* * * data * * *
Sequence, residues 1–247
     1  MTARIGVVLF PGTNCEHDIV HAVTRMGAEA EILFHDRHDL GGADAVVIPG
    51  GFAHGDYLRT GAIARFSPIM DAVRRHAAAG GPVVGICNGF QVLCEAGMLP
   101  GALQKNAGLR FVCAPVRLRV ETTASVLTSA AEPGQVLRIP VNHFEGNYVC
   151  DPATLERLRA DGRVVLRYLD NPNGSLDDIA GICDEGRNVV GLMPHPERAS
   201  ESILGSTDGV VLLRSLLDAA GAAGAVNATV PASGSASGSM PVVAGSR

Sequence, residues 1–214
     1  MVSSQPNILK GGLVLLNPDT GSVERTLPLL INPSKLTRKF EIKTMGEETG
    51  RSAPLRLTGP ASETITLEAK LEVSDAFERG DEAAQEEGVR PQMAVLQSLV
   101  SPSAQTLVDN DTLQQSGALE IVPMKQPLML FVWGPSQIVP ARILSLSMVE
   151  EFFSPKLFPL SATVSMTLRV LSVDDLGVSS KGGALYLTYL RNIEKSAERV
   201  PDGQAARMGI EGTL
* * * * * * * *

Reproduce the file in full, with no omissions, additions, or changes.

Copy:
Sequence, residues 1–247
     1  MTARIGVVLF PGTNCEHDIV HAVTRMGAEA EILFHDRHDL GGADAVVIPG
    51  GFAHGDYLRT GAIARFSPIM DAVRRHAAAG GPVVGICNGF QVLCEAGMLP
   101  GALQKNAGLR FVCAPVRLRV ETTASVLTSA AEPGQVLRIP VNHFEGNYVC
   151  DPATLERLRA DGRVVLRYLD NPNGSLDDIA GICDEGRNVV GLMPHPERAS
   201  ESILGSTDGV VLLRSLLDAA GAAGAVNATV PASGSASGSM PVVAGSR

Sequence, residues 1–214
     1  MVSSQPNILK GGLVLLNPDT GSVERTLPLL INPSKLTRKF EIKTMGEETG
    51  RSAPLRLTGP ASETITLEAK LEVSDAFERG DEAAQEEGVR PQMAVLQSLV
   101  SPSAQTLVDN DTLQQSGALE IVPMKQPLML FVWGPSQIVP ARILSLSMVE
   151  EFFSPKLFPL SATVSMTLRV LSVDDLGVSS KGGALYLTYL RNIEKSAERV
   201  PDGQAARMGI EGTL